The Holy Family by Jacques Stella

God's Word on Sunday: Being a child of God is a journey of faith

By 
  • December 29, 2018

Holy Family of Jesus, Mary, and Joseph, Dec. 30 (Year C) 1 Samuel 1:20-22, 24-28; Psalm 84; 1 John 3:1-2, 21-24; Luke 2:41-52


It must have been very difficult for Hannah to part with Samuel. After all, he was her only child, for she had been barren for many years. 

She prayed fervently before the shrine at Shiloh for a son, although her devotion earned her the scornful accusation of being drunk from Eli the prophet. She promised God that if her request were granted, she would dedicate her son to the Lord — in effect, she would hand him over. Her prayer was heard and she conceived. 

This followed a pattern that we see often in the Old Testament: a barren woman gives birth to an extraordinary child destined for great things in service to God. It was repeated in the opening chapters of the Gospel of Luke, as Elizabeth and Zechariah struggle with the disappointment of childlessness. It is always a sign that God has greater things planned for the individuals involved. 

How was Hannah able to part with her child so soon after his birth? An overwhelming sense of gratitude and the realization that all is gift from God helped her. But beyond that, Hannah must have been one of those rare individuals for whom God was first in everything. 

If only we had the same sense of non-possessiveness and the willingness to play a part in something far more important than our own desires and convenience. The kingdom of God is built with individuals like Hannah, Elizabeth and Mary.

Perhaps we have heard the saying “we are all children of God,” and in one sense we are. But the Scriptures have a rather surprising take on this assertion. We are not born into this world as children of God, but we become God’s children through a rebirth in the Spirit. Even then, our journey is not yet complete.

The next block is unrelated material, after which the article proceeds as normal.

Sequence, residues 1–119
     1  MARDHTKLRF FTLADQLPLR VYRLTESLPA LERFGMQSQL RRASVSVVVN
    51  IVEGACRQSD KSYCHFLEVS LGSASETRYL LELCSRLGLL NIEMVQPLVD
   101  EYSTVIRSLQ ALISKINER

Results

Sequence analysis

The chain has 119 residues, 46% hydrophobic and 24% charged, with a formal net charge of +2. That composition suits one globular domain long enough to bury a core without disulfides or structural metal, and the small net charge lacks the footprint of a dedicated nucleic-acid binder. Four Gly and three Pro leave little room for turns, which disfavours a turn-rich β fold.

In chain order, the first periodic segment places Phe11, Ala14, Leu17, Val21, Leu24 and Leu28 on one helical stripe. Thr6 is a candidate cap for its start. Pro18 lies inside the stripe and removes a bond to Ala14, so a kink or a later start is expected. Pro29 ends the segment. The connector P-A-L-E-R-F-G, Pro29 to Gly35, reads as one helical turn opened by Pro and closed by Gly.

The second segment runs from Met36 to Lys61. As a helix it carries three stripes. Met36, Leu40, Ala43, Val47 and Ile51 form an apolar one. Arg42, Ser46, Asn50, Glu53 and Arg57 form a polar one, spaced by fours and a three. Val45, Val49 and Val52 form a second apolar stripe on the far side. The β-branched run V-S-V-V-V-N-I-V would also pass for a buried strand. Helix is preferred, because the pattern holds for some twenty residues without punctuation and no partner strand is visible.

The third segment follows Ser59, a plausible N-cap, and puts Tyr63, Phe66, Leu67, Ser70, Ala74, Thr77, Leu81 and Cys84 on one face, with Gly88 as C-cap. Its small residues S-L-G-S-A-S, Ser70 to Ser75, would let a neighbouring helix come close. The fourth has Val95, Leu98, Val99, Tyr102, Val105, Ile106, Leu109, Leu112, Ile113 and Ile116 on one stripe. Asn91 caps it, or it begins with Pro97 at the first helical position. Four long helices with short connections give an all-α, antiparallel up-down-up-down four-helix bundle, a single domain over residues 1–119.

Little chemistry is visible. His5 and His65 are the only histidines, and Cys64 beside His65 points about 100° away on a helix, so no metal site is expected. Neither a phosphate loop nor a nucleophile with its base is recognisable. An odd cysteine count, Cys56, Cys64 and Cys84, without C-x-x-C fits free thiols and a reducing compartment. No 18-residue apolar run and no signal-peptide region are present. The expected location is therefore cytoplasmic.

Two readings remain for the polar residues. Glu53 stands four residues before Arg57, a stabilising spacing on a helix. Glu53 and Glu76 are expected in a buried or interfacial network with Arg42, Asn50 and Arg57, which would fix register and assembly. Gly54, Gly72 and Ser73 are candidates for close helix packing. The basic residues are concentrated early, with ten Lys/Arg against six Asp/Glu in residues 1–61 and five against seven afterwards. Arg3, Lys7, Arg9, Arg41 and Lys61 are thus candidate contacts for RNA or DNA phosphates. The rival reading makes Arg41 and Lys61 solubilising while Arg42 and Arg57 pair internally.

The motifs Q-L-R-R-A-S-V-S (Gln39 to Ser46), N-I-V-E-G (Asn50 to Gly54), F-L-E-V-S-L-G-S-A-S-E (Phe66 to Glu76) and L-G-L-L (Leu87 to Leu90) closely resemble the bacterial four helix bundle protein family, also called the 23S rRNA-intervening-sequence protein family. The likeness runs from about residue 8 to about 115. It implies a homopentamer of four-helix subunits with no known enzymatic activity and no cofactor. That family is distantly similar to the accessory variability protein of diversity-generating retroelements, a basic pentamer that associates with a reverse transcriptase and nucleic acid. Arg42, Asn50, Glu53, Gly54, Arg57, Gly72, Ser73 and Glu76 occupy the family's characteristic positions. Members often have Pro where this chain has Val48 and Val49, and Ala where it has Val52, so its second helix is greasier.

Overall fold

John admits that what we will ultimately be is still a mystery, but we do know that we will be like Him and see Him as He actually is. The only way we can become part of this new reality is by faith and love. 

We believe in Jesus as the one sent by God, but belief means loving one another as Jesus did. Obedience to God’s commands for humility, love and service is an essential part of authentic faith. As we begin to walk this path in this life, we will begin to experience being a child of God, for Jesus will come and dwell with us.

We can imagine the terror and anxiety that Mary and Joseph felt when they could not find Jesus among their group of homeward-bound pilgrims. The media today is filled with stories of missing children and most of the stories do not have a happy ending. 

The relief that they felt when they finally found Jesus was mixed with anger at His apparent lack of concern for them. His answer — addressed to both Mary and Joseph — must have been puzzling (and maybe irritating too!): Don’t you know that I must be in My Father’s house? 

Actually, the original Greek text is a bit more ambiguous — it can also mean “concerned with the things of My Father.” But the overall meaning is clear — as he approaches adulthood, Jesus must begin focusing on His mission. 

Mary stored up and remembered all these words in her heart. She must have pondered them many times in the following years. Perhaps she intuited that Jesus was with her only for a time, for God’s mission would take hold of Him. 

When Jesus returned to Nazareth with Joseph and Mary, He was obedient to them, and that is not just a figure of speech. He grew in wisdom and years, meaning that He matured as a human being. He learned from His own experience and that of the many people around Him. 

Those were not idle or wasted years. It was perhaps during those violent and unsettled times, rife with injustice and suffering, that divine compassion stirred within Him. These were the years that prepared Him for baptism in the Jordan and the beginning of His ministry.

In a similar fashion, we can keep our minds and hearts open to our experience and to the Spirit dwelling within us. There can be no finer school for preparing us to make a difference in our world.


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Unlike many other news websites, The Catholic Register has never charged readers for access to the news and information on our site. We want to keep our award-winning journalism as widely available as possible. But we need your help.

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